by replacing hexane with a higher homologous such as isooctane which doesnt
change the elution power of the eluent but increase inner pressure, leading to higher
hRf values, thus improving considerably the shape of the stripe - the best results
being obtained with isooctane-diethyl ether 90:10 v/v as eluent (table I) (Figure 3).
Moreover, hexane-diethylether 80:20 v/v used in semi-preparative offers the
advantage of evaporating easily because of its low viscosity.

Semi-preparative OPLC applied to isolation of standard Cannabidiol

CBN and 9-THC were obtained from Sigma-Aldrich. Because obtaining CBD
was not possible, this compound was isolated from Cannabis resin by OPLC in semipreparative mode. In the literature, few works have reported this technique. First of
all, this method had been tested on Opium extract (25) and on xanthines from tea
leaves extract (26). In the case of Cannabis extract, two series of compounds are
shown: the first one has hRf above 50 which is easily and quickly carried out and the
second one has hRf below 50. For the latter, it was necessary to increase the eluent
polarity. The aim of this work was to obtain pure compound from resin of Cannabis
by coupling the chromatograph to a fraction collector. The extract was applied in line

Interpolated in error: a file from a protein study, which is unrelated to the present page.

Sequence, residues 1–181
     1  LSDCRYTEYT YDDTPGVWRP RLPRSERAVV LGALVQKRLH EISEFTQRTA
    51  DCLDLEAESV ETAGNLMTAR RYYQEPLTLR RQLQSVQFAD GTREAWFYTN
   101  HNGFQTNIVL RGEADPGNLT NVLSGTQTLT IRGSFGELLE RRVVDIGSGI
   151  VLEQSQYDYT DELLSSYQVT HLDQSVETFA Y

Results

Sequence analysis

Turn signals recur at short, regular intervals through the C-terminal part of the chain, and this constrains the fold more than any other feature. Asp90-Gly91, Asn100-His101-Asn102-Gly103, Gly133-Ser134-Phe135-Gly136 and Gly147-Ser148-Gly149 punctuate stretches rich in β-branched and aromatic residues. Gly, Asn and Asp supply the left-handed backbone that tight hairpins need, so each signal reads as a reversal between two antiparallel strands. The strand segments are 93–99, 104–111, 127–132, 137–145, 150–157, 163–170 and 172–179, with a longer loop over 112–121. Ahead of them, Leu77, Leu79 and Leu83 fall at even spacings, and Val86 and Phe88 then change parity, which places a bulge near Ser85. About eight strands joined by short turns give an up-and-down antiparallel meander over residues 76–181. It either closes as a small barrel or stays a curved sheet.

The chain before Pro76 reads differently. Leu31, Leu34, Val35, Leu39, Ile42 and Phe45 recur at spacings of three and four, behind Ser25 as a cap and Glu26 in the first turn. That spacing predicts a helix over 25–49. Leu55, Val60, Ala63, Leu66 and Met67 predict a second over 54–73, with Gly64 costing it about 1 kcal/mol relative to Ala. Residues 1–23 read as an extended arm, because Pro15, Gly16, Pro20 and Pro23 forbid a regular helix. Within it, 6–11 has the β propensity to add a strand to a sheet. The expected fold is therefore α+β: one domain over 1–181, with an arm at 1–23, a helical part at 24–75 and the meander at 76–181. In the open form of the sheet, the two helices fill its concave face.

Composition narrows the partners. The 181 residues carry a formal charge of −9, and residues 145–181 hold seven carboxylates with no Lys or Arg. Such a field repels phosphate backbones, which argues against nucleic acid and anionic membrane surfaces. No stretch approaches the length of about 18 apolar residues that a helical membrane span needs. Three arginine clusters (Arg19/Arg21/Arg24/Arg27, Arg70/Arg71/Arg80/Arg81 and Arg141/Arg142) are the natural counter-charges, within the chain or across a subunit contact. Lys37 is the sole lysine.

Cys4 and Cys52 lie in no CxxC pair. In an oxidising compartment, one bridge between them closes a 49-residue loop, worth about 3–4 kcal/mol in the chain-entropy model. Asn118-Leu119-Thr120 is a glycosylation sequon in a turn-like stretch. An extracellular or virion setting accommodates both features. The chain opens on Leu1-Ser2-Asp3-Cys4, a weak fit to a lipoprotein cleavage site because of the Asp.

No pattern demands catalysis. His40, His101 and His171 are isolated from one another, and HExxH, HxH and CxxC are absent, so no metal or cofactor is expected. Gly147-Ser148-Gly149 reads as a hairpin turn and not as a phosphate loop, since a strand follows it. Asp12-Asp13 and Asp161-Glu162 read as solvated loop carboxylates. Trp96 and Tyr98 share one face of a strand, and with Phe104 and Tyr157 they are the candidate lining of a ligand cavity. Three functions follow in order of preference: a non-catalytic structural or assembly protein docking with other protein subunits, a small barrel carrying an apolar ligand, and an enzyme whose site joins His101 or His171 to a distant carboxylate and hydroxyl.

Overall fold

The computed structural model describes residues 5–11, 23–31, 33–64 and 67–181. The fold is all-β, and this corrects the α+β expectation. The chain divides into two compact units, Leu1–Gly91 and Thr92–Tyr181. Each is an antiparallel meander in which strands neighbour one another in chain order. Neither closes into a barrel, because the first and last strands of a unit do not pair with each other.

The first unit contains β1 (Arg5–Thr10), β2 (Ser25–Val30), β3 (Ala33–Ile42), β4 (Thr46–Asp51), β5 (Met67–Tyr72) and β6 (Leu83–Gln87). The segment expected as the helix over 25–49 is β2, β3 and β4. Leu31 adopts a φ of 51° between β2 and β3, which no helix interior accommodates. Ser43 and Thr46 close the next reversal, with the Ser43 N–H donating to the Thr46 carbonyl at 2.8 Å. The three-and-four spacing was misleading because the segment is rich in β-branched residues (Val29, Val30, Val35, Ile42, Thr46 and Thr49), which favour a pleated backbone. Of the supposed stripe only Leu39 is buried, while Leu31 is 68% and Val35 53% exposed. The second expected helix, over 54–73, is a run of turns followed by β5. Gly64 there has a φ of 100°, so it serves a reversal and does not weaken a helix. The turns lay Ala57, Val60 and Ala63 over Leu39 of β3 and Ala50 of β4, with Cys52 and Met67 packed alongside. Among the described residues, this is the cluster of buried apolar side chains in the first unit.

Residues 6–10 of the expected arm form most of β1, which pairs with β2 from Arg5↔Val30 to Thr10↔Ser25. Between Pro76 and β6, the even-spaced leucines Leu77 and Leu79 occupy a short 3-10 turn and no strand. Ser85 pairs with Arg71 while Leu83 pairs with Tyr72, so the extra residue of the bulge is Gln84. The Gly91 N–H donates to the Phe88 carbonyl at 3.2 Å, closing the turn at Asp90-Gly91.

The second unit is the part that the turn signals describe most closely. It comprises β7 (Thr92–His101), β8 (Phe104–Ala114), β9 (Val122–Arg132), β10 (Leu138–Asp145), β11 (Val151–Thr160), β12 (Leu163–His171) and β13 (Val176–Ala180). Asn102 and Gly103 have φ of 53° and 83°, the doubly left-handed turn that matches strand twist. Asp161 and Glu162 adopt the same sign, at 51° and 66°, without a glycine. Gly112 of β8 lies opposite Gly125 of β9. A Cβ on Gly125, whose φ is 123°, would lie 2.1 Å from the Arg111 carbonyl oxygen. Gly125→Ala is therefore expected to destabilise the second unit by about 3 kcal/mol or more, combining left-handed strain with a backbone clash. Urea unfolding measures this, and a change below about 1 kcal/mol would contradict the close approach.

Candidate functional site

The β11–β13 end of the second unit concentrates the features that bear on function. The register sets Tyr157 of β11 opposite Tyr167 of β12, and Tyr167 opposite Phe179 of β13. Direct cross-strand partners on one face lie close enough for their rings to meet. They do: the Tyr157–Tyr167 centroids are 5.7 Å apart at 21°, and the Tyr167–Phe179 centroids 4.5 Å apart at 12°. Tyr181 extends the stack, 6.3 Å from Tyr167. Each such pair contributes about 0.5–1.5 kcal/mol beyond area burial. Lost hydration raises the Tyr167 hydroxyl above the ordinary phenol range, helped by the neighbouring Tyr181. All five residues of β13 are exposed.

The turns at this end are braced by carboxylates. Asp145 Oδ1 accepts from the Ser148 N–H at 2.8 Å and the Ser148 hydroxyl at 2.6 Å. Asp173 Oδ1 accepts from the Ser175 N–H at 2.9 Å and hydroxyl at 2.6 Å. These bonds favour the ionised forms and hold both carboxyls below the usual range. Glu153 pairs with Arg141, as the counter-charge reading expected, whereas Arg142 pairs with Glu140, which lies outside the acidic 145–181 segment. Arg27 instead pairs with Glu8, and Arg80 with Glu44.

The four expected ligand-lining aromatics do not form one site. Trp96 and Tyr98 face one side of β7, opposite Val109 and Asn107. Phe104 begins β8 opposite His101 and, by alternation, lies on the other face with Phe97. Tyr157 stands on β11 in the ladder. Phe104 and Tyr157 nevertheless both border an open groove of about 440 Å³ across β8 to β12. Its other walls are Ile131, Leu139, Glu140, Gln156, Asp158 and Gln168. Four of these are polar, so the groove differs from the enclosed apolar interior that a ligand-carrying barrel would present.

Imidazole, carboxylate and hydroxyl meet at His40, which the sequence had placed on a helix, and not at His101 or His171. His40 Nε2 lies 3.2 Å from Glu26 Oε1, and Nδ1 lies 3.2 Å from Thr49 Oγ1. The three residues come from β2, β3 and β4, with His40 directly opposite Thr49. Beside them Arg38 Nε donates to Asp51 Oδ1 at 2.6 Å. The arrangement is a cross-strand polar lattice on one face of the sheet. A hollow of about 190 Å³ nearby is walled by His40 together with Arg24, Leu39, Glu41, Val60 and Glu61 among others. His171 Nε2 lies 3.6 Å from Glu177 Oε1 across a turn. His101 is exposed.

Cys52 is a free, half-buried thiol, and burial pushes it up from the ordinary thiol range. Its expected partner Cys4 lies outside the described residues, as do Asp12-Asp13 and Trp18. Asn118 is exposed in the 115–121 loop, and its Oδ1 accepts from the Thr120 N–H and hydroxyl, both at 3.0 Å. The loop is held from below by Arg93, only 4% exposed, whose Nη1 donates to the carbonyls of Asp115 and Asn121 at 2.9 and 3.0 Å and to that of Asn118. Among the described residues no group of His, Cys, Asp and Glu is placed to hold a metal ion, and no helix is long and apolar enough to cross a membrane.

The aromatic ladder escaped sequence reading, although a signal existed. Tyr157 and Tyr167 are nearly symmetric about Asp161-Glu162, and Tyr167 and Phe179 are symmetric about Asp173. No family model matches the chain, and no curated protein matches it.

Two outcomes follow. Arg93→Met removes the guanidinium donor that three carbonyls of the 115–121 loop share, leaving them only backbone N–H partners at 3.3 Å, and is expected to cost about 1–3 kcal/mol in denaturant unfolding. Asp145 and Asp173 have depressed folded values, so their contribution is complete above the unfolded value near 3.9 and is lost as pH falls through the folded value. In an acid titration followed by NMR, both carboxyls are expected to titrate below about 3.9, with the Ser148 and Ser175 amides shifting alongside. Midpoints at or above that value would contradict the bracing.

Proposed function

with Linomat IV and eluted with hexane-diethyl ether 90:10 v/v. The migration of the
eluent was performed during the time required to begin the elution process. Because
OPLC allows for linear migration in correlation with time, it was possible to determine
the instant when Cannabidiol was collected. Thanks to OPLC, it was possible to
obtain pure Cannabidiol.
The advantage of OPLC compared to TLC in semi-preparative mode is that no
scraping and eluting of bands are necessary. In OPLC, the components can be
eluted from the plate and obtained pure by coupling to a fraction collector.
Every elution fraction was evaluated by analytical TLC with hexane-diethyl
ether 80:20 v/v as eluent. After derivation by fast blue salt B reagent (19), four
fractions were obtained giving only one spot in TLC. The control of structural study
performed by GS-MS analysis allowed the identification of a compound present in the
sample as being Cannabidiol (figure 4).

Structural analysys of Cannabidiol
From chromatographic data obtained by GC/MS, the organic compounds were